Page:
It appears that worker cooperatives may become an issue in this spring’s mayoral election in Madison, Wisconsin. Incumbent David Cieslewicz is blogging about a community-wide effort to facilitate the forming of worker cooperatives. Challenger and two-time former mayor Paul Soglin (the so-called Red Mayor) is blogging about it as well.
As a longtime worker/owner at Union Cab Cooperative here in Madison, I applaud both candidates for bringing up this issue. I’ve written about this before, that worker cooperatives could be a way to save our economy both by putting people back to work and getting back in the business of manufacturing things that people would want to buy. And of course, these would be safe, humane and sustainable workplaces more interested in serving the community than maximizing profit.
But let’s not be naive. This discussion comes in the context of a political campaign. It could be a lot of bloviating, just a lot of hot air that has no meaning once the last ballot is counted. Still, it could make for great discourse that could have real, concrete results but it is up to us. We need to get involved in this discussion to ensure that it has real focus to it. And once the election is over, we need to maintain pressure on whoever is elected to turn words to action.
On the treadmill at the East YMCA, it suddenly occurred to me that the best way to achieve this goal would be to propose something concrete, so we can have a real topic to discuss.
Here it is: I propose that the City of Madison establish the Madtown Worker Cooperative Incubation Center. And I know the perfect place: Union Corners on the east side of Madison. For those not familiar with Madison, Union Corners was where Rayovac had a manufacturing plant before corporate flew down south. A local developer had big plans for the site, but the financing fell through. Now it’s the most infamous blight in town. There have been various alternatives plans for the site, but none have come to fruition. Most recently, the city has proposed buying the land in order to be able to make sure that there’s at least a little rhyme and reason when it is eventually parceled off.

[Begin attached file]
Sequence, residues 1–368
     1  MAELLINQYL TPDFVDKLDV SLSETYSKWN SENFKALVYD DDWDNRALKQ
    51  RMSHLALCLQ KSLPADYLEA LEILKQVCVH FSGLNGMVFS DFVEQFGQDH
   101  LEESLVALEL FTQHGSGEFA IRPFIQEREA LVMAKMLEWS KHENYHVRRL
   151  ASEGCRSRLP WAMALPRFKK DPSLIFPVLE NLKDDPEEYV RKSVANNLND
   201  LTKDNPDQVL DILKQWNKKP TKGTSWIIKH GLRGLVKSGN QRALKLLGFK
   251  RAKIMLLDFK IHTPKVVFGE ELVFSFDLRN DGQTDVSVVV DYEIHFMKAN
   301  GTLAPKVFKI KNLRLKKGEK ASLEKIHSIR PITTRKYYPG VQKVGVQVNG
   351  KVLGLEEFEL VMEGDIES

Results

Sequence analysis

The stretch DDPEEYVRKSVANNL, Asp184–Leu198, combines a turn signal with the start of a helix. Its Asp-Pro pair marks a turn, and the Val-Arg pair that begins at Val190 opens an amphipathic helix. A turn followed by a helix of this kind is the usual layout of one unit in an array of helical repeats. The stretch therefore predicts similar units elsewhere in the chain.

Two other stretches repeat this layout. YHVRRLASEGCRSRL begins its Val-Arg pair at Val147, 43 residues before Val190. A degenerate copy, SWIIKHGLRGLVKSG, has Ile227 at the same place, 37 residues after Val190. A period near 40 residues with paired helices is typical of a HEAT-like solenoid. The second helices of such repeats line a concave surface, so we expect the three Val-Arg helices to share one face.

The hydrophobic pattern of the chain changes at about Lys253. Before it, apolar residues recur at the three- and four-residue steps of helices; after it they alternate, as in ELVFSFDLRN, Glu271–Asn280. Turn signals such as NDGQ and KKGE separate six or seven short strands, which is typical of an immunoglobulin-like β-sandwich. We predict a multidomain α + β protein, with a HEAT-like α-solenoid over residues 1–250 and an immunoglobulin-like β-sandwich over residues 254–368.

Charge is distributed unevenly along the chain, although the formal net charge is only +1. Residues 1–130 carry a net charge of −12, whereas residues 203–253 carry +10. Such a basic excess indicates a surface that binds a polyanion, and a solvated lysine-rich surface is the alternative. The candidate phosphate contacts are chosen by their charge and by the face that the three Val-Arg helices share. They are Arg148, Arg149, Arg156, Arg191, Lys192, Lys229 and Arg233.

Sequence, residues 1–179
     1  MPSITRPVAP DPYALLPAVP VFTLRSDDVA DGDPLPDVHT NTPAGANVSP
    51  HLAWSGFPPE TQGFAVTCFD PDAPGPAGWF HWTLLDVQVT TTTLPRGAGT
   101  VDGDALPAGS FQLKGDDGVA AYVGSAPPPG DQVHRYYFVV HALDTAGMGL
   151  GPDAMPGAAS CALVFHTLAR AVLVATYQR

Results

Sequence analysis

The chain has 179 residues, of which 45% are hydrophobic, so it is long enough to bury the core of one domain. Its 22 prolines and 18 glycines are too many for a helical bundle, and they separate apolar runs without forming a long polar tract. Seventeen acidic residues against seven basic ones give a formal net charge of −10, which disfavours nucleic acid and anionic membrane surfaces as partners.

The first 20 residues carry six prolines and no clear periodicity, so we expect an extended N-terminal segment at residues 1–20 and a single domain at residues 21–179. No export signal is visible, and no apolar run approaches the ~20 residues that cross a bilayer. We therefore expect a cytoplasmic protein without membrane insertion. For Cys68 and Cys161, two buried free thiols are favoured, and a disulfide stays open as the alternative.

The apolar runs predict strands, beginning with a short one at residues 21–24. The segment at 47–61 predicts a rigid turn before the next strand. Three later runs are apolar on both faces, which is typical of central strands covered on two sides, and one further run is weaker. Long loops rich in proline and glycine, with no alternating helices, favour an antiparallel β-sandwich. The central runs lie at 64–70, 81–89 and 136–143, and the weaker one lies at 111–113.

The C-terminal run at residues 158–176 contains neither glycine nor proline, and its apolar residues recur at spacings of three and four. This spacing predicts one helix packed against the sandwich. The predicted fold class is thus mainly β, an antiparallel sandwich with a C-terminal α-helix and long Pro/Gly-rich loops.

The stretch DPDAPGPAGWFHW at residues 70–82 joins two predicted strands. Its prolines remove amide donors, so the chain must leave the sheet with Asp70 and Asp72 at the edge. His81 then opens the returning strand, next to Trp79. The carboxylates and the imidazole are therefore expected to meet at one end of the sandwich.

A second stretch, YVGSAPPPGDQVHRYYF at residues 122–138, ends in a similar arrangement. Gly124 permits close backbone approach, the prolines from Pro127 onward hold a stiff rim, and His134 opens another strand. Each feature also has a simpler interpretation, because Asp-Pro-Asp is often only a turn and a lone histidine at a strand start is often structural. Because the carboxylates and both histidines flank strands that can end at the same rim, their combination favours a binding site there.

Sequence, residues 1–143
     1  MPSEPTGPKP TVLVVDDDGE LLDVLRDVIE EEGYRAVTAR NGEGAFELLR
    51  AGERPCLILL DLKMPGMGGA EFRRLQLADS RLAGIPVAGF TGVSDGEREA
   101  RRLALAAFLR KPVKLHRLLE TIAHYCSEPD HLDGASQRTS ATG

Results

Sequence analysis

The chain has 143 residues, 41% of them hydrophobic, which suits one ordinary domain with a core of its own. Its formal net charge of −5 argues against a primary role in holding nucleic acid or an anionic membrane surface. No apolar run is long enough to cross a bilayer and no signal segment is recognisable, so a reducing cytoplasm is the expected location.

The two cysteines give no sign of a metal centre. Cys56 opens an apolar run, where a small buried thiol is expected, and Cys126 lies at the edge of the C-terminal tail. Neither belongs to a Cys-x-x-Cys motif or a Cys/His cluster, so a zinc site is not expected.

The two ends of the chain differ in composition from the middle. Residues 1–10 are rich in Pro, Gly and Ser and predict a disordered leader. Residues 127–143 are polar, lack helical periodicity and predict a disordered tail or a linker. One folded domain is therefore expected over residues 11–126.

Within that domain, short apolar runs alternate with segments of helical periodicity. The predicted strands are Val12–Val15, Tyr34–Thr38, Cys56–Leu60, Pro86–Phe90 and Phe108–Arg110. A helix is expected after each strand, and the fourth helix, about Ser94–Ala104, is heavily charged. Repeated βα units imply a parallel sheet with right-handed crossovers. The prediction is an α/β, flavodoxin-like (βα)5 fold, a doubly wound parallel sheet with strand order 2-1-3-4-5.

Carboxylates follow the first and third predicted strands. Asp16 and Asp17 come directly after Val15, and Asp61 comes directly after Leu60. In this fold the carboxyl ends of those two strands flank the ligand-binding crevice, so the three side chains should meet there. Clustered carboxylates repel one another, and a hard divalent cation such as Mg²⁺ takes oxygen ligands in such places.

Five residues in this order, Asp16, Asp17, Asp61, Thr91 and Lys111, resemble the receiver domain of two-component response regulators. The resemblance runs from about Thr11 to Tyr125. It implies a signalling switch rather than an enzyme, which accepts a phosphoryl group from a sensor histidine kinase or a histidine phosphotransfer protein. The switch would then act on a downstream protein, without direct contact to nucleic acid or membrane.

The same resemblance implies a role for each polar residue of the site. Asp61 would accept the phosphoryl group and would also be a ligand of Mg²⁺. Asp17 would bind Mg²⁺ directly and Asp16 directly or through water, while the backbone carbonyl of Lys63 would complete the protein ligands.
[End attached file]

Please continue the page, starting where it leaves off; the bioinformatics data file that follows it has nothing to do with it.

Union Corners is a good sized piece of property, and it’s certainly big enough for several small business. I propose that those businesses all be worker cooperatives, and that the city use its resources to help facilitate the formation of these new worker cooperatives.
First, the city should purchase and then develop the property in a simple but functional manner by erecting versatile structures and providing surface parking (along with ample green space as well).
Second, the city can establish a fund to provide seed money for these new business. The city would contribute to the fund, but would also solicit grants from the state and the feds, as well as the private sector.